If you’re required to vote a provisional ballot, make sure you get instructions that explain what IDs are acceptable to cure your ballot, as well as details about where to bring your ID and the deadline for doing so.
If you need help getting an acceptable ID to cure your ballot, please contact VoteRiders immediately through our Helpline: 844-338-8743.
Alternatives to Conventional ID
Some states offer other alternatives for voters who don’t have an ID or whose ID isn’t acceptable under state law, such as affidavits. An affidavit is a written document (usually a form you must fill out) that is confirmed by an oath or affirmation.
In Michigan, for example, you can sign an “Affidavit of Voter Not in Possession of Picture ID.” In Texas, you can fill out a form called a “Reasonable Impediment Declaration” stating the reason why you are not able to get an acceptable ID.
In some states, another registered voter who has an acceptable ID is able to confirm your identity.
Remember, being rejected at the polls or forced to cast a provisional ballot for reasons related to a lack of acceptable ID doesn’t automatically mean your vote won’t count. But time is usually of the essence, and you must act quickly!
Reasons Your ID Might Be Rejected
It is estimated that 11% of citizens of voting age – approximately 25 million people – do not have a current, government-issued photo ID. Some citizens don’t have any ID because it was lost or stolen, and they don’t have or can’t afford the documents to replace it. Most people have some kind of ID they use in everyday life for banking, doing business, or accessing government services. However, even if your ID works for most purposes, there are several reasons why your ID may not be on your state’s list of acceptable IDs for voting. They include:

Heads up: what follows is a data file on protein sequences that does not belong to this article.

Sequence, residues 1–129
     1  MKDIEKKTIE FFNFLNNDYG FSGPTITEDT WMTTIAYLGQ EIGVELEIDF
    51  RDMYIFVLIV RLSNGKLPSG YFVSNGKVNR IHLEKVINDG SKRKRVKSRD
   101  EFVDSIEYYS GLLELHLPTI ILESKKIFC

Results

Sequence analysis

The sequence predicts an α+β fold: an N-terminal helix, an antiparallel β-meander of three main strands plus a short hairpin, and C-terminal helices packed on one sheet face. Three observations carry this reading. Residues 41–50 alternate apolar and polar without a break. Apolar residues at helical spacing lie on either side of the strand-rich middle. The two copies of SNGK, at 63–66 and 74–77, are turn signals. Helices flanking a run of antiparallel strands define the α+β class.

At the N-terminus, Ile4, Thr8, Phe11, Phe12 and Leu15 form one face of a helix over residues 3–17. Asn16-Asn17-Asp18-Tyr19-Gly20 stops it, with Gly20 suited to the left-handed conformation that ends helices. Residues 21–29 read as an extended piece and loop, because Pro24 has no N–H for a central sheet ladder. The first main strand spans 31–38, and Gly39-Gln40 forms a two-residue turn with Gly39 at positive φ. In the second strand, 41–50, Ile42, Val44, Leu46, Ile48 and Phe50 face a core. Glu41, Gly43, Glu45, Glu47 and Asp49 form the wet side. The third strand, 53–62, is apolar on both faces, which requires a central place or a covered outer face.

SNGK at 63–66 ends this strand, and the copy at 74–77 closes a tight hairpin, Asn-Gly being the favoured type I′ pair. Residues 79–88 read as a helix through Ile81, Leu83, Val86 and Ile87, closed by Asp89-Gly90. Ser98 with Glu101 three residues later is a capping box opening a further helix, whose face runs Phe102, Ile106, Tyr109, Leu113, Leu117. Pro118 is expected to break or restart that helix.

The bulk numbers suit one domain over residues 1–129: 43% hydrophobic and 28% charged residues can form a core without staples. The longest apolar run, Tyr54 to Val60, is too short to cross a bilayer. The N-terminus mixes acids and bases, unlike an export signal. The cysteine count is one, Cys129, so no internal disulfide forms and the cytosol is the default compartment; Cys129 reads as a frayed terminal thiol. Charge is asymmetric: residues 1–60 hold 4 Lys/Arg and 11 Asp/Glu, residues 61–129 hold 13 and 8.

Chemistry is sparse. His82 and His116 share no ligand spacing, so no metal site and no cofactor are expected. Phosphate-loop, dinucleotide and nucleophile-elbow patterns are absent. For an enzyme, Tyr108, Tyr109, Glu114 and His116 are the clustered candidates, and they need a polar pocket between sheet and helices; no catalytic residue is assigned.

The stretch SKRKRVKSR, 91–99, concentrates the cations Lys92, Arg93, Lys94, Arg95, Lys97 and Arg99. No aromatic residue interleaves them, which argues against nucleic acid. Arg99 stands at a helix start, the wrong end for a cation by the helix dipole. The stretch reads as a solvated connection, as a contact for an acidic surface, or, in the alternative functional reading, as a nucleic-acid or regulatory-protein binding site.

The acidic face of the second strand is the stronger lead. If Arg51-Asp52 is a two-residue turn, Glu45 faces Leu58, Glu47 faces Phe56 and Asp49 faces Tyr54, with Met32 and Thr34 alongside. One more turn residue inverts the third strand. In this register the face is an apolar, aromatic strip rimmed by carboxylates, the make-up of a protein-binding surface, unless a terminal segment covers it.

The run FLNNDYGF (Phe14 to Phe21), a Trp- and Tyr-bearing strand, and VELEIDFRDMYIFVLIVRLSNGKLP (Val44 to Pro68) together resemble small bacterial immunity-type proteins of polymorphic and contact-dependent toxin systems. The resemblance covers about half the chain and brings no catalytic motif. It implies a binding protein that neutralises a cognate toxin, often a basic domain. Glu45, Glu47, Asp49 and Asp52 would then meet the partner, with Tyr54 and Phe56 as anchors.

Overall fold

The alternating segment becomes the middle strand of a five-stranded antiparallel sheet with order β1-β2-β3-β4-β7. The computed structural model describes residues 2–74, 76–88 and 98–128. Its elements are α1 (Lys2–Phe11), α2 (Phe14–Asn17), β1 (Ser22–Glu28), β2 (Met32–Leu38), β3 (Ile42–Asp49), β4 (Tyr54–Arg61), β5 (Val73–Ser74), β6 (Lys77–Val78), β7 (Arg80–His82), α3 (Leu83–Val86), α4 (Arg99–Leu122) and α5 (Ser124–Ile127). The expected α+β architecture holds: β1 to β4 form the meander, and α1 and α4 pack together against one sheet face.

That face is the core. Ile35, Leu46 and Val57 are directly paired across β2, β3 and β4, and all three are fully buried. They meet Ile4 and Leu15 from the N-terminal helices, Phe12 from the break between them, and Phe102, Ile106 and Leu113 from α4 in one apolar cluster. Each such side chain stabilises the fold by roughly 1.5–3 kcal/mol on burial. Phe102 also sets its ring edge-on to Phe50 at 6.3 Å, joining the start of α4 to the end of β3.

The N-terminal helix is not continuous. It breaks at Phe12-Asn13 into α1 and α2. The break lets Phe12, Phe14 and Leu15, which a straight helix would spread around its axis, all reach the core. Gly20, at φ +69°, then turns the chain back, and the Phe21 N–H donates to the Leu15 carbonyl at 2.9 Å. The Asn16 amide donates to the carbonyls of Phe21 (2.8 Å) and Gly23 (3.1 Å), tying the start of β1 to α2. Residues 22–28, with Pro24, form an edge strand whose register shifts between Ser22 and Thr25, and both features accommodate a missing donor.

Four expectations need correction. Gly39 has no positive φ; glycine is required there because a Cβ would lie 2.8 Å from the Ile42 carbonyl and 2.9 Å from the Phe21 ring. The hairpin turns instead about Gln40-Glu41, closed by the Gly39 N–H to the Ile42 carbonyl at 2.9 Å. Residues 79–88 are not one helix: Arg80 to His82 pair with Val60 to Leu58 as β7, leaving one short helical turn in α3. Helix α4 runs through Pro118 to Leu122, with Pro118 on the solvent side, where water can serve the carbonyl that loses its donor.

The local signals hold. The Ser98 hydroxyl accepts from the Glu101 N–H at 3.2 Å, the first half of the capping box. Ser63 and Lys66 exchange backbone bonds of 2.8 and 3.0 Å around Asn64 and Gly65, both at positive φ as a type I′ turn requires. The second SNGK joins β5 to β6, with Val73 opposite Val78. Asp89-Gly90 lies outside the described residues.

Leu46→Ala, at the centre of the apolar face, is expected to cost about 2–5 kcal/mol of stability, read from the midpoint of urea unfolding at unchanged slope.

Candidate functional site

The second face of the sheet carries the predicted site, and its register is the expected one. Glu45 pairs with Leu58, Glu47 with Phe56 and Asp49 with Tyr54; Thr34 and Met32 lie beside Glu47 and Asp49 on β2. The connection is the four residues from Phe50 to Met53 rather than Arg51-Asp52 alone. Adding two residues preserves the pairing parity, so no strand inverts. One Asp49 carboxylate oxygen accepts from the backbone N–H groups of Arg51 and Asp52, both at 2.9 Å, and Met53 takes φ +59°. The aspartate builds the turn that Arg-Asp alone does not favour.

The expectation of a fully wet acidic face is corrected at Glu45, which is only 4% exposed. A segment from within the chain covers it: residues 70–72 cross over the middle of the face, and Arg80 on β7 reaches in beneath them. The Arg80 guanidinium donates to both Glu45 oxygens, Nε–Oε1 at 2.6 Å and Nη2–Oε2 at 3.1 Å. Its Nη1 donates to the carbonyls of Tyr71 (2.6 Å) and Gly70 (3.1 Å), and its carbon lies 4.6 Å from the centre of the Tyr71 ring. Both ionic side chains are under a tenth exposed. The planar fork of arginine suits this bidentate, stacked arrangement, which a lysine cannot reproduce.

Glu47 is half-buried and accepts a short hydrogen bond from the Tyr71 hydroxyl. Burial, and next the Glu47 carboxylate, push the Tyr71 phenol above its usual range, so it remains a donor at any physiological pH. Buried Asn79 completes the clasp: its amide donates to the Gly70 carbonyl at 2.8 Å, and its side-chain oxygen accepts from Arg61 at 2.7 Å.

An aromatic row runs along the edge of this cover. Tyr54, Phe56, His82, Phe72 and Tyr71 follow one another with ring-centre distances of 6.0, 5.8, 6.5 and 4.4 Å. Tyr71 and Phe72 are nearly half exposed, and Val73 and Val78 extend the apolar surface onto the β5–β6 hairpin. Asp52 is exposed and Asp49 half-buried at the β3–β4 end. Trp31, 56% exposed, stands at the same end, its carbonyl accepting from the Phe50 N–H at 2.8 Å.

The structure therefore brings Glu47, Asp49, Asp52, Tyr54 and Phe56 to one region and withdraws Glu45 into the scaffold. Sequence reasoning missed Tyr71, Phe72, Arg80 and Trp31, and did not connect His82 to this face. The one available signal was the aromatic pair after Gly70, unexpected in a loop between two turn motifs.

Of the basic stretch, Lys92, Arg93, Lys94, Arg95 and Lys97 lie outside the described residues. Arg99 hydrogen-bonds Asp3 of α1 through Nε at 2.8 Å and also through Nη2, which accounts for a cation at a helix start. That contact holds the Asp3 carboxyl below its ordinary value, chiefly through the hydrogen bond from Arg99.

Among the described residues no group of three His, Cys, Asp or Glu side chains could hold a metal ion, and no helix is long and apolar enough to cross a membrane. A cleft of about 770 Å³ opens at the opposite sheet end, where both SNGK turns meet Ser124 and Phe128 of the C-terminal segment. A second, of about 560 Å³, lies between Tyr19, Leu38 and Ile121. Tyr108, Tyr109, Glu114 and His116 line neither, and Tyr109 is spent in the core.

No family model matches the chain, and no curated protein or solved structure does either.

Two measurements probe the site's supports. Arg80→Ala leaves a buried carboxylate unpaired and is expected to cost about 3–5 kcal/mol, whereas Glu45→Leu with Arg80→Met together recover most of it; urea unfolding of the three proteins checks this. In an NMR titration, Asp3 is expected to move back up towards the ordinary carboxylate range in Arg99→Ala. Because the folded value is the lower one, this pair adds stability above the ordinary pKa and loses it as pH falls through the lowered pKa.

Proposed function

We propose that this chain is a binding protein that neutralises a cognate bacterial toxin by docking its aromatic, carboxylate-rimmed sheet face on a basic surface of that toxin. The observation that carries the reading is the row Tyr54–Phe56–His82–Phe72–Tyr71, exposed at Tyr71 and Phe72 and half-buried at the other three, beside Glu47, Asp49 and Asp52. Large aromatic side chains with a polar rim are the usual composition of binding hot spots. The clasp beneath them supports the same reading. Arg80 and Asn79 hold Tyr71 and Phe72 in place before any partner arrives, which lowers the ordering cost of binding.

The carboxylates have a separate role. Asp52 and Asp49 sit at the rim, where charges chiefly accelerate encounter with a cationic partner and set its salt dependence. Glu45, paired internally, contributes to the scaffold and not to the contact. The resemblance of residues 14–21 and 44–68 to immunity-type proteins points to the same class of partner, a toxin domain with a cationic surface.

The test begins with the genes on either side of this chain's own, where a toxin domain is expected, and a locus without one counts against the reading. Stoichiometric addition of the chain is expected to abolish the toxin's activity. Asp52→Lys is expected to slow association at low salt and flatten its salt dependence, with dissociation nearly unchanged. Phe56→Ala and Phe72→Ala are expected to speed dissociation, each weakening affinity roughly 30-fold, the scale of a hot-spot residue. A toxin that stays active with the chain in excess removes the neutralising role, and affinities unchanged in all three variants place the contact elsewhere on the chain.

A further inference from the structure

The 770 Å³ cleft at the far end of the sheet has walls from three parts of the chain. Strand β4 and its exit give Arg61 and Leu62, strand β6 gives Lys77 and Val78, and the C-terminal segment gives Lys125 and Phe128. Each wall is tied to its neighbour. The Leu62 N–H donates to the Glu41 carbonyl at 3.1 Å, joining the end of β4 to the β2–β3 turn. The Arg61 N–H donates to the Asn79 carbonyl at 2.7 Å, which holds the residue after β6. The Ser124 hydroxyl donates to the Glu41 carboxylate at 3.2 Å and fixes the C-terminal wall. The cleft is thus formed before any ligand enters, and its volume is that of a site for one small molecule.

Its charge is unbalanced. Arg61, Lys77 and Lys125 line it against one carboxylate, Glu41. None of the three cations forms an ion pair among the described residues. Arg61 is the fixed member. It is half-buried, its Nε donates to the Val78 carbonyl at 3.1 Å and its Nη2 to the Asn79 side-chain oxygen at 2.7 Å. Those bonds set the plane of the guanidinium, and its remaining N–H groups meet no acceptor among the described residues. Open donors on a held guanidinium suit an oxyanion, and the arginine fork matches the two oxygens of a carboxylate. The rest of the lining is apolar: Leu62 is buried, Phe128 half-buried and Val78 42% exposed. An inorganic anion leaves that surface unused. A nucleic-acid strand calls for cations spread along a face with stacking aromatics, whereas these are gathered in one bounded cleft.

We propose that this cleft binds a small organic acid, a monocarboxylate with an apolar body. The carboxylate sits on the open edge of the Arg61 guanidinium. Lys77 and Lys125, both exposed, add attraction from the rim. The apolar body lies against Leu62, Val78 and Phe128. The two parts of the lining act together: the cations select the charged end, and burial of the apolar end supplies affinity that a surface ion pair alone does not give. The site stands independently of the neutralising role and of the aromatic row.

- Your driver’s license or ID is from another state
- Your ID is expired or it expired before the previous election
- Your name on your ID doesn’t match your name on the voter registration list because you legally changed it
- The address on your ID doesn’t match the address on your voter registration because you moved
- Your state doesn’t accept (or only accepts certain kinds of) student IDs, employee IDs, permits, licenses, or citizenship naturalization papers
- Your ID doesn’t have your photo.
This is a partial list, and it may not be applicable in your state. You can find voter ID requirements and a list of acceptable IDs for every state at the VoteRiders website: https://voteriders.org/staterules. There is also a link at the bottom of each state’s page to the state’s election authority (secretary of state, election board, etc.), where acceptable IDs and other important information about voter ID laws are listed.
Other Reasons for Rejection
There are other reasons you may not be allowed to vote a regular ballot at the polls on Election Day – even if you have an acceptable ID. These include not being registered to vote or not showing up on the list of voters registered to vote at that polling place. You may also get a provisional ballot if you’re registered but you’re at the wrong polling place. For rejections not related to voter ID issues, please contact the Election Protection Hotline at 866-0UR-VOTE.